But synthesisers were also still part of Roland’s developments, including synths such as the SH-101. Introduced in 1982, this 32-key monophonic synth became very popular among a wide variety of synthpop artists. Because it was portable, it was also possible for artists to perform with it on stage by use of a strap and neck grip. It’s a synth that’s been used by Vince Clarke, OMD (The rolling bass sequence on ‘Locomotion’ is down to the SH-101) and Apollo 440. Even today, contemporary electronic artists such as Boards Of Canada still use it.

One of Roland’s first polyphonic synths was the Jupiter-4. Launched in 1978, this synth went on to be used by Tangerine Dream, Gary Numan, Thomas Dolby, Depeche Mode, The Human League and David Bowie. This series continued in the form of the Jupiter-8, an 8-voice polyphonic synth that arrived in 1981. It was a standard synth for OMD throughout the Junk Culture and Crush eras having first been introduced to the band by Howard Jones. It also saw use from Frankie Goes To Hollywood, Tony Visconti and appears on Roxy Music’s Avalon.


The mid-1980s saw some particularly significant changes in music technology, particularly the arrival of digital synths – heralded by the likes of Yamaha’s ubiquitous DX7 and, later, Korg’s M1.

Stepping into this competitive market, Roland’s D-50 was a 16-voice digital synth which had the advantage over the DX7 as being easier to programme. The D-50 also employed Roland’s Linear Arithmetic Synthesis (better known as LA Synthesis), a method of giving digital sounds a much more authentic feel. Ultimately, Roland lost this particular battle to the Korg M1, but demonstrated that as a company they could evolve and keep pace with the competition.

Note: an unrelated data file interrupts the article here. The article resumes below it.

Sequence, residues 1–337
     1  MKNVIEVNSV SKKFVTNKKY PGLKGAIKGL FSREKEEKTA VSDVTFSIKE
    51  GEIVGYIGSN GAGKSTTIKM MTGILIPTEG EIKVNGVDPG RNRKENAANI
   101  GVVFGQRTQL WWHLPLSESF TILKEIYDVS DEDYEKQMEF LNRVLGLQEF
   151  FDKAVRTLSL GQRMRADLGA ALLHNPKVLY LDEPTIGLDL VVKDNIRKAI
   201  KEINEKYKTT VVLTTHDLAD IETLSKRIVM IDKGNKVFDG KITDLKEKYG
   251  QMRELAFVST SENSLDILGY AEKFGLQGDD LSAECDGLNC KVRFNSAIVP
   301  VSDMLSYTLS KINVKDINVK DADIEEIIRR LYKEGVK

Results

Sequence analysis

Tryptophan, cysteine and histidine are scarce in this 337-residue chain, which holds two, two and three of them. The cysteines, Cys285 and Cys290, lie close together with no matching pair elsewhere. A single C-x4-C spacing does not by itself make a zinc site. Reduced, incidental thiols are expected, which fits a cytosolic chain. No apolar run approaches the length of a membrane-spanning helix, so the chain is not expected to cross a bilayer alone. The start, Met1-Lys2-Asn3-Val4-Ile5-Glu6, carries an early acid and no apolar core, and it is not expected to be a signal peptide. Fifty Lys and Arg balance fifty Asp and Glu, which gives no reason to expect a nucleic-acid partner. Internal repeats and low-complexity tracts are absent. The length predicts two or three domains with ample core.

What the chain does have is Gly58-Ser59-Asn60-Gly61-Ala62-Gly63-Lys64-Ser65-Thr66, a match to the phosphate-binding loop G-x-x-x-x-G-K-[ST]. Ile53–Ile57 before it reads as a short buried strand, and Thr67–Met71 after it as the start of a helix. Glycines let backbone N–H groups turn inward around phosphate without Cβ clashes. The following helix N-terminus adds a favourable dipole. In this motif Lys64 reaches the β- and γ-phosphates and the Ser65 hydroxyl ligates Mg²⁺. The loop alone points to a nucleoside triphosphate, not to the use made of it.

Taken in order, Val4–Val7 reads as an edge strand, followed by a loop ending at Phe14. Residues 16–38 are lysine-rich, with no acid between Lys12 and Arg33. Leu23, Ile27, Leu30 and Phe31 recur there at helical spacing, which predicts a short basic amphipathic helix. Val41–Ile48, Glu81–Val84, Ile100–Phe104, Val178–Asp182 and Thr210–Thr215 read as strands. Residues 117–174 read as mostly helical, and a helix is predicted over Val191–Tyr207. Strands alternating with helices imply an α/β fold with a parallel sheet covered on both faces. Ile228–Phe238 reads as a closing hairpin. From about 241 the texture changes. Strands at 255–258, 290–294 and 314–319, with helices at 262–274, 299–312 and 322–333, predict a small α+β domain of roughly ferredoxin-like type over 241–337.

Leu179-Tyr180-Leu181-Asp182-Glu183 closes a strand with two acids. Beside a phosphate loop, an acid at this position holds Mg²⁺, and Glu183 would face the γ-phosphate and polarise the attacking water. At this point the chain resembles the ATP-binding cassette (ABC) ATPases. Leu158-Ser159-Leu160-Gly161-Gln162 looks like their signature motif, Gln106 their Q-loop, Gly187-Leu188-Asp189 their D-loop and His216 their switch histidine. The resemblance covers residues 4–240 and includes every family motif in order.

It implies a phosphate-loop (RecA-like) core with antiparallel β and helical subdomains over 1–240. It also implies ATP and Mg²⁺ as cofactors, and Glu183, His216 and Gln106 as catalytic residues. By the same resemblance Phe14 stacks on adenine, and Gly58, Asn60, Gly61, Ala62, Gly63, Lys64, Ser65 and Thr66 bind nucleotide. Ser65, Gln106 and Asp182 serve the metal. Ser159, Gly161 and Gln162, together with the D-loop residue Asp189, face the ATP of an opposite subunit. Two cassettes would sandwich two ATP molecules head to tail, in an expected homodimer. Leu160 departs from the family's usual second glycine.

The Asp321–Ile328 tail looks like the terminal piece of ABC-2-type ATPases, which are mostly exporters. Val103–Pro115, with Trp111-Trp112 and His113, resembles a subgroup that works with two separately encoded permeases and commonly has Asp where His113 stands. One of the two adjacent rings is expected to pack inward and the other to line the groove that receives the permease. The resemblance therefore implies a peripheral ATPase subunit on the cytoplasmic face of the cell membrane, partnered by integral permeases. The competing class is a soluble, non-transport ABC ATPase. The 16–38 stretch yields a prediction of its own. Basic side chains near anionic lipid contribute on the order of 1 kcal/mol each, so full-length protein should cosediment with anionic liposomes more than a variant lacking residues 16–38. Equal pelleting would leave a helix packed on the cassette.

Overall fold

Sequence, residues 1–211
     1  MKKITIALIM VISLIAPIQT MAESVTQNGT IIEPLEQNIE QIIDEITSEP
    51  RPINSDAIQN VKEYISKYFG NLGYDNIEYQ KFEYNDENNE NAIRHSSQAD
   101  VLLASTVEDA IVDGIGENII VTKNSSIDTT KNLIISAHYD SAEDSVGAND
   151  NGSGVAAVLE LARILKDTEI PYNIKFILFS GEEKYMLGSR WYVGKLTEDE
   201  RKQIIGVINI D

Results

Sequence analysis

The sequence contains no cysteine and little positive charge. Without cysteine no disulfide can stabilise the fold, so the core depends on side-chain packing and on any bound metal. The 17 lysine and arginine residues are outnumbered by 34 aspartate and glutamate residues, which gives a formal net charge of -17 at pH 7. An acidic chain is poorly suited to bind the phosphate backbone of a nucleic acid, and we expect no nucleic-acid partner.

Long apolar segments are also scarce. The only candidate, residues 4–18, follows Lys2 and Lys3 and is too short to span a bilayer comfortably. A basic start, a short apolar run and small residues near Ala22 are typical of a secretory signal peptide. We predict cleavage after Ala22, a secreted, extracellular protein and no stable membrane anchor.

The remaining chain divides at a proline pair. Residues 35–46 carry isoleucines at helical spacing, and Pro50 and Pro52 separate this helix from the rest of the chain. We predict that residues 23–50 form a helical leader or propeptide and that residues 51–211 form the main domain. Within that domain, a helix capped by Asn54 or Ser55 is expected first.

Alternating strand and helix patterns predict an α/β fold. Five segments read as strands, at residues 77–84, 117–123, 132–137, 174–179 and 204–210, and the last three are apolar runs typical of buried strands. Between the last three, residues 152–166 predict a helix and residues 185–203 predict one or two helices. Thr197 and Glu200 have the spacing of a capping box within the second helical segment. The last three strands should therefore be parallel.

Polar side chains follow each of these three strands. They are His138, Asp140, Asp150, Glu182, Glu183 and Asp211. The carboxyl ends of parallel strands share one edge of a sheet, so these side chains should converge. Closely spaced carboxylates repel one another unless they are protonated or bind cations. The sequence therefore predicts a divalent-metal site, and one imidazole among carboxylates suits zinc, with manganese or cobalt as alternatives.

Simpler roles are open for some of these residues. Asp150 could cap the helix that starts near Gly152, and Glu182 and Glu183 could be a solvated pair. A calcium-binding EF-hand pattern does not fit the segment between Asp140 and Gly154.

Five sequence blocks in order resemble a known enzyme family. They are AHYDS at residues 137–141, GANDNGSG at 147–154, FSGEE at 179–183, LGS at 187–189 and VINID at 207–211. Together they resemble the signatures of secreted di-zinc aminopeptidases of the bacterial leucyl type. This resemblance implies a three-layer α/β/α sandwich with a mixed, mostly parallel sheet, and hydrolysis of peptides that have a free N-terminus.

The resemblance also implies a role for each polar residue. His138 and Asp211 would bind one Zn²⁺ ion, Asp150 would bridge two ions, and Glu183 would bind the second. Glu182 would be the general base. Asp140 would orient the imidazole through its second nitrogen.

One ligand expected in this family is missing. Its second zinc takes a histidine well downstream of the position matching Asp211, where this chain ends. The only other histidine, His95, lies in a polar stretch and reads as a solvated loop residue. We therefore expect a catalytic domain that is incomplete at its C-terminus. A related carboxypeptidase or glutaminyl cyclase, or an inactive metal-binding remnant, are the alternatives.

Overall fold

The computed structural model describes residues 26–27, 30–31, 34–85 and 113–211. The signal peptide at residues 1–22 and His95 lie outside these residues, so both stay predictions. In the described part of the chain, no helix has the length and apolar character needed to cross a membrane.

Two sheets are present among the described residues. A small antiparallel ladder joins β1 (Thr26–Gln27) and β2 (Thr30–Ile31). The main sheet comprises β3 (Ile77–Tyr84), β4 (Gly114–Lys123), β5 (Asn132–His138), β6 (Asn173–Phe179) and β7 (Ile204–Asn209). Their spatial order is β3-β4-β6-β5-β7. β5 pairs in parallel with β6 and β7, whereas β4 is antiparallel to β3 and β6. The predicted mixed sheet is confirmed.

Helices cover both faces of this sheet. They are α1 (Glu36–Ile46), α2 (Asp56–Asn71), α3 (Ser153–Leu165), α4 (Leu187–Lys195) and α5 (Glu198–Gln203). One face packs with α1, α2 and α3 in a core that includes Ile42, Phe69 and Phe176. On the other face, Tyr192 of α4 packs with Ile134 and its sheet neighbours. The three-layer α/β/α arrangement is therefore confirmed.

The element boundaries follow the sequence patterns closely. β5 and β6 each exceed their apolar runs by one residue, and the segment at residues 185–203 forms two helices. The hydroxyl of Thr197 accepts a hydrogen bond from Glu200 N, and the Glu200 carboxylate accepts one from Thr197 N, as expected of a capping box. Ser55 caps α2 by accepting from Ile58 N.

Takehashi’s philosophy was summed up in a book he penned called I Believe In Music, but he was also known for his wisdom in interviews and other book contributions, such as his comments for the 2005 book The Art Of Digital Music: “There are two types of musical artists. One type – for example, classical musicians – tries to recreate music. They follow the score exactly, as if they wanted to reach a target. But other musicians want to create something new. Electronic musical instruments are perfect for them. One group wants to escape the fixed mind, and the other is chasing ‘What is the best music?’ Both are very pure people [laughs], but different ones.”

In 2001 Kakehashi relinquished the role of chairman with Roland, instead taking a consultancy role to the company. His achievements were honoured by being awarded a Musikmesse International Press Lifetime Achievement Award in 2002. He was also given a Technical Grammy Award (alongside Dave Smith of Sequential Circuits) in 2013.

Without Ikutaro Kakehashi’s vision and his captaincy of Roland, the state of the music industry would have been a very different landscape indeed. His legacy is marked by the countless bands, artists and songs that have employed the gear that Roland developed – and it’s a legacy that’s still very much in effect for modern electronic music today.


www.roland.com